Following Indonesia’s success, Prime Minister Modi stated that the G20 could be utilized as a forum to promote “healing, harmony and hope” in the global politics through the paradigm of human-centric globalization. The Official Sherpa of G20 India Amitabh Kant added that India will share its successful story in realizing human-centric developments with other G20 member states.

Furthermore, India has announced that it will focus on bringing forward the agenda of Lifestyle of Environment (LiFE) that India introduced in COP26 that aims to ultimately change human behavior and tackle the negative impacts of climate change. Aside from LiFE, India will also advocate for a plethora of issues including: 1) a reform in multilateral governance; 2) an acceleration in Sustainable Development Goals (SDGs) achievements; 3) digital transformation in public and economic sectors; 4) an inclusive and resilient growth, and; 5) women-led development.

By carrying these agendas, India would be advancing the interests of the Global South. India may also be using G20 as a forum to bridge the interests of developed and developing countries.

Looking at these priorities, India’s vision in its G20 presidency is clearly influenced by its effort to reorient its foreign policy vision from cautious non-alignment to proactive multi-alignment.

What India Can Do

India has a burden of proof to show that it can lead the G20 in better and more efficient ways than Indonesia. To achieve this, there are three things that India could consider throughout its G20 presidency.

Firstly, India could use its G20 presidency as a way to show to the world that a prestigious global event like the G20 could be inclusive for both its citizens and the global public alike. Modi has even called this edition of G-20 as People’s G-20. Democratizing the G20 is essential to make the global forum resonate with the needs of India’s citizens, considering agreements and decisions during its Summit would bear real-life impact on the daily lives of its people.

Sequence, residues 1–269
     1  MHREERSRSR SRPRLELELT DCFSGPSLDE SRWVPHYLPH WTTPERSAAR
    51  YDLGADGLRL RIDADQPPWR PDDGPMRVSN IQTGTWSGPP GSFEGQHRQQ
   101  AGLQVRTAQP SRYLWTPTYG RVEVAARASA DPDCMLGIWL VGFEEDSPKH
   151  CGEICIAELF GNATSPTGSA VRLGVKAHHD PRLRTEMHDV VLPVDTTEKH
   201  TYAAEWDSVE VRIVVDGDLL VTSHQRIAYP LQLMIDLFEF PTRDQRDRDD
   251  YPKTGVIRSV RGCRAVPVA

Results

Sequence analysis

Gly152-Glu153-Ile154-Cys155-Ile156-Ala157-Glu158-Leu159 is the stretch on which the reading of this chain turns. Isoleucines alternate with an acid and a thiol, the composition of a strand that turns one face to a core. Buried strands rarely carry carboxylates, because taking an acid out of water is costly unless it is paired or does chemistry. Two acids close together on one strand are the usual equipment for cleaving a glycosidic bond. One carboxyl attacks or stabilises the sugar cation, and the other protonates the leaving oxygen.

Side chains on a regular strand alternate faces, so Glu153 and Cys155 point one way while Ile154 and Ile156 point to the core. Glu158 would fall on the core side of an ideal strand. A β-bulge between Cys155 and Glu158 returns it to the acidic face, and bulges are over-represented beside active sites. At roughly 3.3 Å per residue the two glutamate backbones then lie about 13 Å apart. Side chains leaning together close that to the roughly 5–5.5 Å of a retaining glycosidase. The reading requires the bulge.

Comparably, the Indonesian government did the opposite, with instances of civic space being further constricted in the country just before the G20 Summit was held.

Fortunately, the Indian government has started off its presidency with an assurance of public participation by inviting all political parties, including the opposition parties, to deliberate and synchronise India’s interests in its G20 agenda. The Indian Ministry of Foreign Affairs, as one of the primary stakeholders, has also opened itself for public engagement with various non-governmental organizations (NGOs), civil society organizations (CSOs) and university students.